I read several thousand pages of books every year, but I’m not the type of person who feels attached to physical books. I’ve been fully immersed in Amazon’s Kindle ecosystem for years now, sometimes reading on my phone, sometimes on my laptop, and sometimes listening through Audible. Getting an e-reader that wasn’t a Kindle never really occurred to me.
And then I tried the Boox Note Air. It does almost everything a Kindle Oasis does, but it also supports a surprisingly useful stylus and has a giant 10.3-inch screen. At $480, it’s pricey, but the price feels totally fair given the screen size and features on offer (and the company just announced a smaller, $350 7.8-inch model). I kind of love it.
The best way to summarize the Boox Note Air is that it’s really just an Android tablet with an e-ink screen and a book-centric UI. That means it can do almost everything an Android tablet can, as long you don’t need smooth framerates and, you know color (although Boox also has a colorful e-reader I’m currently testing too).
Want to use a full-fledged browser? Sure. Want to check out Instagram photos in black and white? Why not? Want to take handwritten notes for a class? Go for it. You can even watch videos at laughably slow frame rates.
It’s a degree of freedom I’m not used to from a device with this display technology.
The Note Air has its own book store, but I’m not gonna lie: I didn’t use it. The first thing I did when I turned on the tablet was open up the custom app store (you can install Google Play, but it’s a little annoying) and download the Kindle app.
It works pretty much exactly like the Kindle app for phones, and after tweaking a few display settings (you can optimize the screen for refresh rates or image quality, I prefer the latter for reading), the overall experience was remarkably similar to using a regular Kindle.
That is, except for the fact the screen is 10 inches, which is wonderful. Although most of my time is spent reading fiction, for which a smaller screen suffices, I also often read textbooks on my Surface. I could see myself loading textbooks and PDFs onto the Note Air, as the extra real estate makes such form factors much more useful.
The note-taking experience with the included Notes app is surprisingly great. While there’s a little bit more latency than, say, a Surface Book 3, the experience balances out because the Note Air looks and feels so much more like paper.
The included stylus isn’t tilt-sensitive, but it does a great job of recognizing different pressures and accurately following my pen strokes. It really does feel surprisingly close to writing on paper.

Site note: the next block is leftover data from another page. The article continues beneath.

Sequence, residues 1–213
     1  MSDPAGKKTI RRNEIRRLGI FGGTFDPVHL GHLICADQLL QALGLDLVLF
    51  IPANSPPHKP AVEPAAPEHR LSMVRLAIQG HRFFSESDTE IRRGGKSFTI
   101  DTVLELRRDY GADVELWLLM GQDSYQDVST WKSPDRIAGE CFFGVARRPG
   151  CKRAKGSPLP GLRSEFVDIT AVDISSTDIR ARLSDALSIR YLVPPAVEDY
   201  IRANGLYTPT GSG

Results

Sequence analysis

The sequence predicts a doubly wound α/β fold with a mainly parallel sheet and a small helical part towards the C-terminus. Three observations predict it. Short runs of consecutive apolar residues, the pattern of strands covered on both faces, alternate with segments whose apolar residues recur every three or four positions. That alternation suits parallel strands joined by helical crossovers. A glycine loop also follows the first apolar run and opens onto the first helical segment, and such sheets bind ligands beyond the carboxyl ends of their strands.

There are just a few caveats to the device’s flexibility. First, installing the Google Play Store involves a clumsy and slow workaround, as the device is not Google Play certified.
This is not as big of a deal as I expected. Most people aren’t going to install too many apps on a device like this, and every app I did actually want to install was available from Boox’s App Store. Alternatively, you could install them from a site like APK Mirror.
Second, the device is running Android 10 — already outdated — and it’s not clear how long OS updates will be supported. While it’s unlikely to be a real issue, it is technically possible that future updates to the Kindle app or others won’t support this version of Android correctly.
Third: the inking experience is lackluster outside of Boox’s own Notes app. In this app, the stylus is remarkably fast; combined with the more paper-like experience, it’s just as satisfying as the inking experience on a device like my Surface Book.
But I’d hoped I could run OneNote on the device and use it to follow up on all the notes I’d taken on my surface. Unfortunately, the pen input is too laggy in other apps.
Still, I found these caveats to be minor setbacks. This talk of customization is just icing on the cake. 90 percent of the time, I just used the device for reading. Most of the rest was spent writing notes, and I only occasionally dabbled into other apps. It’s still an e-reader and note-taking device first and foremost; it’s just nice to have the option to do more with it.
Other miscellaneous notes:
- The device doesn’t have an automatic brightness sensor, but it does support both ‘warm’ and ‘cool’ lighting like the Kindle Oasis.
- Most of the interface will be very familiar to Android users. There’s even a drop-down menu. But the home screen is very much catered to reading and writing.
- As with most e-ink devices, the battery lasts forever for reading. Other activities and using full brightness will drain it more quickly, but it’s longevity you’ll measure in weeks, not days.
- It’s quite a classy-looking device. I really dig the anodized blue.
- It isn’t waterproof, so don’t take it in the shower.
- It has a speaker!
- It charges via USB-C (the Kindle is still stuck on micro USB, sighs).
- Boox just launched a 7.8-inch version with much the same features, for those who’d like a smaller screen closer to a typical paperback book.
Let me be clear: Not everyone interested in an e-reader needs a giant screen, stylus compatibility, and the ability to install your own apps. And some might prefer the idea of a device that can only really do one thing. If that’s the case, the Boox Note Air might not be the right choice.
But the great thing about the Boox Note Air is that it adds these features with virtually no compromises to the primary reading experience. Once you install your book software of choice, you almost never have to interact with the OS, and you still get the massive battery life and paper-like readability you’d expect from e-reader.
If you’ve been interested in e-readers like the Kindle, but like the idea of a larger screen and the ability to take notes, the Boox Note Air was made for you. Find it on the company’s site at $455.99.
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